Uber has finally recognized a union of its own drivers. Allow yourself that one moment of exhilaration before moving on to the rest of the details.
The GMB union in the UK (it’s not really an acronym for anything, as it was shortened to General, Municipal, Boilermakers’ and Allied Trade Union about 40 years ago) managed to secure the union recognition of the jaws of the famous anti-work application. business today. As The Guardian reported: “GMB will have access to driver meeting centers […] He will also be able to represent drivers if they lose access to the Uber app, and he will meet quarterly with management to discuss driver issues and concerns. ”
It’s not clear if this arrangement comes close to traditional union representation as we envision it in the United States, or if it looks more like the Independent Drivers Guild – an oversized advocacy group in New York City that meets Uber. and has been widely criticized as a business. union. Drivers will not automatically be registered with the union due to their work for Uber. It’s an arrangement we would call an “open store” on this side of the Atlantic, and the company is pretty sure to profit from it.
UK drivers recently won – through the courts – the right to be considered Uber “workers”, a category separate from “employees” but still providing basic benefits like minimum wage and a pension. However, that ruling did not apply to couriers on the Uber Eats food delivery side, and this new union deal does not cover them. From the start, this new deal leaves around 30,000 Uber workers in the cold. (We contacted GMB and Uber for more details on this oversight.)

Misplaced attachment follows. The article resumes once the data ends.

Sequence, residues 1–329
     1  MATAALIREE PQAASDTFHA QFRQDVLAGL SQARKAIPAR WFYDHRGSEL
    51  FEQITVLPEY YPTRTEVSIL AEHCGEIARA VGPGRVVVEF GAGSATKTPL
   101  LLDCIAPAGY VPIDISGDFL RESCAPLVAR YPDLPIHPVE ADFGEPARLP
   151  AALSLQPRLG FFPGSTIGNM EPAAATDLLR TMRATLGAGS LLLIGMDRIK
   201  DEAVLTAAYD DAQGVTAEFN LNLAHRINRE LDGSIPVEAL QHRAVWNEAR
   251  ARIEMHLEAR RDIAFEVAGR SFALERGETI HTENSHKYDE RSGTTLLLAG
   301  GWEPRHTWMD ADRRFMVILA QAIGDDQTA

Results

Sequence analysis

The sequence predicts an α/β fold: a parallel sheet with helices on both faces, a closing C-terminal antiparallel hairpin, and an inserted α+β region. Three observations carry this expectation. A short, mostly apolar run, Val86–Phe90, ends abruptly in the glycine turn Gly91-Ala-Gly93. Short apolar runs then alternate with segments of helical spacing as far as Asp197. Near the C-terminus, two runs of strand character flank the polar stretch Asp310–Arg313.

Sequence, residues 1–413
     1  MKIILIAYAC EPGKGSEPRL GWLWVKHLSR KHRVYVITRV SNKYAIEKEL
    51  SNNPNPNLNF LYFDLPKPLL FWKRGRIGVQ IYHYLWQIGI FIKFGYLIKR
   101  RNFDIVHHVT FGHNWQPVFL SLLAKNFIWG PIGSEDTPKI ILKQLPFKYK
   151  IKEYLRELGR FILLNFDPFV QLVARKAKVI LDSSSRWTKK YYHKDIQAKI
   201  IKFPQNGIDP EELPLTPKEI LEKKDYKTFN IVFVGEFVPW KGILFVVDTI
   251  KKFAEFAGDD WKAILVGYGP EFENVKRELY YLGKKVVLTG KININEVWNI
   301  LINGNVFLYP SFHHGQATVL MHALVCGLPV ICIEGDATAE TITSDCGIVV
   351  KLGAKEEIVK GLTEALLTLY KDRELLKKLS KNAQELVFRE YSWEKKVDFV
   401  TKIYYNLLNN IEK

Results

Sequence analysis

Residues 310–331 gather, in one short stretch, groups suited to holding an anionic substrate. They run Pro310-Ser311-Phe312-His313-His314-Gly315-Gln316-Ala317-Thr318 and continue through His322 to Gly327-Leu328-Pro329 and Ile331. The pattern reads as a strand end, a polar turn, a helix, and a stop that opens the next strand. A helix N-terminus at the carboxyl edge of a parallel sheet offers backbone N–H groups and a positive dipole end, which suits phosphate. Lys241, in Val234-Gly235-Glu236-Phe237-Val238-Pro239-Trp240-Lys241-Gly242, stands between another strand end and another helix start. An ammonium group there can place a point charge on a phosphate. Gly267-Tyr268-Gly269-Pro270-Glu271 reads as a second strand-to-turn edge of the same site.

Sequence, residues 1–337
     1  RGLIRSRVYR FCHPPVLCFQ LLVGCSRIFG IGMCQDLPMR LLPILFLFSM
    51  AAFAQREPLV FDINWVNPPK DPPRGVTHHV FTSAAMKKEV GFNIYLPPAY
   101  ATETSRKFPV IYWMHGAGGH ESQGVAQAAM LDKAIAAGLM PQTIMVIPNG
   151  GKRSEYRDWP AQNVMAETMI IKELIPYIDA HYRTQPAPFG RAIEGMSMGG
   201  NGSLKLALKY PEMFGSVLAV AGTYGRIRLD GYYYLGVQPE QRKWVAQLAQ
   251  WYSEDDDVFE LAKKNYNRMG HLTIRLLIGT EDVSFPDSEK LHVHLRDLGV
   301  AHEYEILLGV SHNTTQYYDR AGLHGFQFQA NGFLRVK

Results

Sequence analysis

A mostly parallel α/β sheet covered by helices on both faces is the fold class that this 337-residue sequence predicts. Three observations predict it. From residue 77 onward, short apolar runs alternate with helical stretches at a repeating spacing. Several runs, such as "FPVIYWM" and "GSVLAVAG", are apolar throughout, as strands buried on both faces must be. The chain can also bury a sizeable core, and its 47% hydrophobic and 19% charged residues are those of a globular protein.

GMB has undoubtedly made history here, but Uber’s track record gives viewers every reason to doubt the effectiveness of this new union. The company has a habit of threatening to withdraw from places that do not offer the legal favoritism it expects – Quebec in 2017, for example. He also attempted to rewrite US labor law to suit his business interests, successfully overturning a California law via a proposed ballot in the 2020 election, which cost the company – as well as to fellow Lyft, DoorDash and Postmates travelers – an estimated $ 200 million. Since then, state drivers have said their wages have fallen further. (Uber is currently attempting a similar legal maneuver in New York.)
To make matters worse, one of the parties that helped secure worker status for UK drivers – the Drivers & Couriers Union App – refused to sign a similar agreement for recognition, saying in a statement it said “closer union engagement with Uber management is always a welcome development, but there are good reasons for workers and their unions to be cautious. The group cited Uber’s continued hostility towards workers, in and out of court, in the UK and the US. “For us, respecting the legal minimums should be the starting point of any union agreement with Uber,” the ADCU wrote.
Yet a victory is a victory. “This groundbreaking deal between GMB and Uber could be the first step towards a fairer working life for millions of people,” noted GMB’s charming country manager Mick Rix in identical press releases sent to The edge by the union and Uber, “We are now calling on all other operators to follow suit.”